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Two UO professors awarded 2021 Sustainability Teaching Awards

Rachel DiNitto and Diana Garvin

Rachel DiNitto and Diana Garvin have been awarded the 2021 Sustainability Teaching Awards

Rachel DiNitto, professor of East Asian Languages and Literatures, and Diana Garvin, professor of Romance Languages, have been awarded with the 2021 University of Oregon Sustainability Award for Excellence in Teaching.

Sustainability has long been a shared value at the UO, fundamental to our research, teaching, and operations of the university. The sustainability teaching awards recognize and celebrate the achievements of our faculty members to further sustainability education at the UO. Recipients are nominated by their colleagues, and the award is open to career and tenure-related faculty. Candidates are chosen based on their excellence exhibited in both the areas of sustainability and pedagogy, applied through course content and teaching practices.

Garvin was nominated based on her depth of teaching around the three aspects of sustainability: environmental, social, and economic. Her colleagues note that her research and classes are “changing the face of Italian and Italian Studies at the UO.” Garvin’s innovation of her assignments in Italian 319: Eco-Italy and the implementation of a student e-portfolio with illustrated articles, podcasts, and YouTube videos particularly impressed the award committee.

“Receiving this award means a chance to celebrate the students, librarians, and fellow faculty who all contribute to the common conversation around sustainability at UO,” Garvin said. “Sustainable teaching places students’ hearts and professional aspirations at the center in two ways: first, by focusing on issues that they care about, and second, by teaching technical skills to enhance their career prospects.”

Garvin was also recognized for her goal in helping students to speak about ecological phenomena in “vivid, human terms.” In Eco-Italy, students bridge the arts and sciences by engaging with creative practices like photojournalism and documentary film, and by interpreting materials from the humanities, such as land art and ecocriticism, in tandem with related articles from science and nature. Her support for students making connections between the Italy-focused content of the course and the student’s own social and cultural context in Oregon, especially while navigating the challenges of remote teaching and learning, was applauded.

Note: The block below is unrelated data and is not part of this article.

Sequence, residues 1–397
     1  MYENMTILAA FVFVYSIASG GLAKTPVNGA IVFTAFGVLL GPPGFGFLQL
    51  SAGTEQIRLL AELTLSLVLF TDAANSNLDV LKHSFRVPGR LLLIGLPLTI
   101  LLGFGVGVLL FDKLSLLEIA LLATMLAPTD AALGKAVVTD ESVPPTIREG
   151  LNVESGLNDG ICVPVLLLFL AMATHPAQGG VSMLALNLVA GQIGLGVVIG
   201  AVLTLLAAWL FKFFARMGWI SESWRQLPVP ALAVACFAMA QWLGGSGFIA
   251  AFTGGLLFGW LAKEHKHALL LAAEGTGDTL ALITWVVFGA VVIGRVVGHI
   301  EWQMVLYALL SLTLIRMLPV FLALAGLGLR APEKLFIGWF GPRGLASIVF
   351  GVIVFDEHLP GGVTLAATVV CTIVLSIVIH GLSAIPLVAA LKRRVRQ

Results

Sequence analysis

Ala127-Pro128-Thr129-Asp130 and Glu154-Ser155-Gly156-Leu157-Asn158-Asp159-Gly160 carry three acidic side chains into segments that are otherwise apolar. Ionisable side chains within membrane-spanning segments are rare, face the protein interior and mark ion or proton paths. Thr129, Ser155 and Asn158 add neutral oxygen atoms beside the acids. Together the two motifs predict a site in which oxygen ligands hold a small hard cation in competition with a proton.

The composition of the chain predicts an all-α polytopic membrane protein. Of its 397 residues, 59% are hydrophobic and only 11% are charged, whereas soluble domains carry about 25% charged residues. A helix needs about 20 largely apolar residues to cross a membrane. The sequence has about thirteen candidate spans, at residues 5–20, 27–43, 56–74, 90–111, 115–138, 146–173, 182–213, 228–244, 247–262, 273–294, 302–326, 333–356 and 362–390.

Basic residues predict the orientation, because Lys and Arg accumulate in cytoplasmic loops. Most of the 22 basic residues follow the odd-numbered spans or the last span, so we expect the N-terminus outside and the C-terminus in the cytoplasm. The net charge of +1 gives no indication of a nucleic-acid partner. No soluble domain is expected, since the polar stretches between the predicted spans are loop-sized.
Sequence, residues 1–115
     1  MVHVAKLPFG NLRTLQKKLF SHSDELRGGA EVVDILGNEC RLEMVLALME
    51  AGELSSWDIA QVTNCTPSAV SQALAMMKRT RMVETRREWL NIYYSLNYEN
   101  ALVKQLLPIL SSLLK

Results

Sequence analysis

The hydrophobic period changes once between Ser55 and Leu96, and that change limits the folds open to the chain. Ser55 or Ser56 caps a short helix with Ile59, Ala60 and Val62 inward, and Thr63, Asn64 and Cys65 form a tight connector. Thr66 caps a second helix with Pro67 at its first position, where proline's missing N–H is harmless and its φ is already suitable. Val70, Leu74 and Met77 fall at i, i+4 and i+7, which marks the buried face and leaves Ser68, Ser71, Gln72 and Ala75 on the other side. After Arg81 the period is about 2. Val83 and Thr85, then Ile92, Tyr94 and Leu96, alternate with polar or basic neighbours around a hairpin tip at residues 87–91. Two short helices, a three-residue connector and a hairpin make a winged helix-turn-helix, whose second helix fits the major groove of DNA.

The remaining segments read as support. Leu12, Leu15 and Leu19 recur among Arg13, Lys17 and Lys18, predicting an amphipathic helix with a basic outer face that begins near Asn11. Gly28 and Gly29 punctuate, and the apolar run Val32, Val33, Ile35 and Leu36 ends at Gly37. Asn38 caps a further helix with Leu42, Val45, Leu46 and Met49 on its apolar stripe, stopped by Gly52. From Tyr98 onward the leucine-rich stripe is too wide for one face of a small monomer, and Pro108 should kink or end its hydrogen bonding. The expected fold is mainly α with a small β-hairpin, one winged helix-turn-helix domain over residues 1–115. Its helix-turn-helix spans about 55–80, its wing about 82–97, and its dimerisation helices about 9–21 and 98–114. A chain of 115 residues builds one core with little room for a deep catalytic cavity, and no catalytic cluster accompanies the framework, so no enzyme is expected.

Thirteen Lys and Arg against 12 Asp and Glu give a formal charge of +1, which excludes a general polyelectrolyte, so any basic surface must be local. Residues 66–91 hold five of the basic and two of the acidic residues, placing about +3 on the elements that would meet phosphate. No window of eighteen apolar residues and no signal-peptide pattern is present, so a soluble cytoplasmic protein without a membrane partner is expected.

DiNitto impressed the award committee with her Japanese Environmental Cinema course, which linked the power of artistic representation to shaping perceptions that drive real societal change. DiNitto’s own research connecting local to global disasters informed the course. Her students were invited to a webinar with two important figures for DiNitto’s scholarship: documentary filmmaker Hitomi Kamanaka, who discussed nuclear power and radiation, and Indigenous activist Leona Morgan, who discussed nuclear waste on the North American Reservations. The committee also recognized DiNitto’s efforts with remote teaching to create an engaging classroom community despite the challenges of remote learning.

“By viewing Japanese films that address environmental issues, students learned about local problems for the Japanese, like the decades-long methylmercury poisoning known as Minamata disease,” DiNitto said. “But more importantly, they learned that they are part of a global Anthropocene that touches our local lives here in the U.S. Oregon saw this first hand when the 2011 tsunami brought irradiated debris and water to our coastline.”

DiNitto adds that she asks her students to think not just about what environmental films say but how they say it through the cinematic medium. She highlights the power of storytelling to transform the values and perceptions necessary to generate policy changes

“The UO is a great place for this research and teaching because of the already existing support for environmental and sustainable initiatives, but also because of our strong academic focus on Asia and our location on the Pacific Rim. I look forward to teaching this class again in the future and working with UO students on Asian environmental and sustainability issues.”

An award ceremony and celebration dinner are scheduled for the awardees on Thursday, October 7. This is currently planned as an in-person event but will depend upon public health guidance at the time.

By Victoria Sanchez, University Communications

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